Excerpted From: Bennett Capers and Gregory Day, Race-ing Antitrust, 121 Michigan Law Review 523 (February 2023) (317 Footnotes) (Full Document)


CapersDayAntitrust law has failed people of color--or, at a minimum, failed to achieve the extent of its promise. Because antitrust's purpose, at least since the 1970s, has been to promote a concept known as “consumer welfare,” antitrust law is unconcerned with whether exclusionary conduct has injured historically marginalized groups. In fact, antitrust presumes that most types of anticompetitive behaviors benefit consumer welfare even though monopolies and trade restraints have--with little attention--disproportionally harmed minority communities.

Consider a few examples. An array of law schools historically prevented non-white students from enrolling so that white people could monopolize the legal profession, while labor unions banned Black workers from their ranks. More recently, people of color have found themselves the unintended victims of anticompetitive practices. When grocery stores merge, it can result in better and cheaper foods for affluent, predominantly white communities. In poorer areas, however, mergers have shuttered local stores to the degree that many low-income neighborhoods lack a single place to buy fresh foods--and as dollar stores replace grocery stores, “food deserts” have spread throughout minority communities. Along the same lines, bank mergers have improved welfare in affluent areas but closed branches in minority neighborhoods. As a result, poor people-- disproportionately of color--often have little choice but to patronize more expensive payday lenders and check-cashing stores. Regardless of whether a monopolist's motivation was primarily business-minded or discriminatory, people of color are too often the ones harmed.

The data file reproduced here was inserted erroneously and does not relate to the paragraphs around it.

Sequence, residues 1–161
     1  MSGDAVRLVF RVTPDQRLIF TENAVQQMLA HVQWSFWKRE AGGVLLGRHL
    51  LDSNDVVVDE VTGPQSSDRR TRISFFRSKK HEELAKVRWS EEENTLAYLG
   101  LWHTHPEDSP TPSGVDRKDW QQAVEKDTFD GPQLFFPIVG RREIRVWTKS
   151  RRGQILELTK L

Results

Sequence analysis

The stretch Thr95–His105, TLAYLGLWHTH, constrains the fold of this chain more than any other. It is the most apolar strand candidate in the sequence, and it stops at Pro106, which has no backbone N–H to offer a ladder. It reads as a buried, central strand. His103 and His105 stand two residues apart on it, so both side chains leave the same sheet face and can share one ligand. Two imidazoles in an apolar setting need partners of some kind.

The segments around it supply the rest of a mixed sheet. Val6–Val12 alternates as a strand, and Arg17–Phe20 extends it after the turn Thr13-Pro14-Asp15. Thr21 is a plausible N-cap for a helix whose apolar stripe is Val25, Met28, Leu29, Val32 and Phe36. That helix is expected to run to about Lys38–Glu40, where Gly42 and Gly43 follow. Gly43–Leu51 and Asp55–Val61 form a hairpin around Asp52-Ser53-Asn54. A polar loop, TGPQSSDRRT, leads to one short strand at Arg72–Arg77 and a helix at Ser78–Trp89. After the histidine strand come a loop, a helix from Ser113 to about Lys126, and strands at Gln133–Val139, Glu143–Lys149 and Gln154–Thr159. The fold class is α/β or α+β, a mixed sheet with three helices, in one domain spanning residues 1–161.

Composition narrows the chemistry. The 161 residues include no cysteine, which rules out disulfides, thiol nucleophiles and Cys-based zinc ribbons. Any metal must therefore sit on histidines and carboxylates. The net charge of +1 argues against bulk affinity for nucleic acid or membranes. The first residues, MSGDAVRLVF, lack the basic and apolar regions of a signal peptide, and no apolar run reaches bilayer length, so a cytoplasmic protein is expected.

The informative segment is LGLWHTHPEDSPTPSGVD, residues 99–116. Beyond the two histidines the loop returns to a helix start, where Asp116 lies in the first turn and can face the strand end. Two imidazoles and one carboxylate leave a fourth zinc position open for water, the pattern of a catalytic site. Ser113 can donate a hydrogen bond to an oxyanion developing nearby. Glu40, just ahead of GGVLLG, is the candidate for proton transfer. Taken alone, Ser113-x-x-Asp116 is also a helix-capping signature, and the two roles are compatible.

Despite these race effects, the question of whether an anticompetitive act has harmed people of color is absent from antitrust's framework. Per antitrust's “consumer welfare” standard, exclusionary conduct must raise prices, lower quality, or economically harm consumers collectively to offend antitrust law. If consumers writ large gained a benefit (e.g., the market is now more innovative), then no violation of antitrust law has typically taken place. Further, many antitrust courts and scholars assume that restraints of trade tend to improve consumer welfare, which has enabled defendants to generally win antitrust cases, including in cases resulting in disparate racial harms. Thus, by assessing consumers monolithically, antitrust law protects those with market power and ignores types of anticompetitive acts while turning a blind eye to the welfare of minority communities. Antitrust's indifference to disparate racial effects remains prevalent to the degree that a notable antitrust scholar endorsed this framework in 2021: “Antitrust policy, in contrast to legal policy generally, is not the appropriate tool for pursuing particular goals of social equality ....” Further, “race and gender equality” may be “essential policy goals, [but] they are best left to the constitutional and statutory institutions intended to address them.”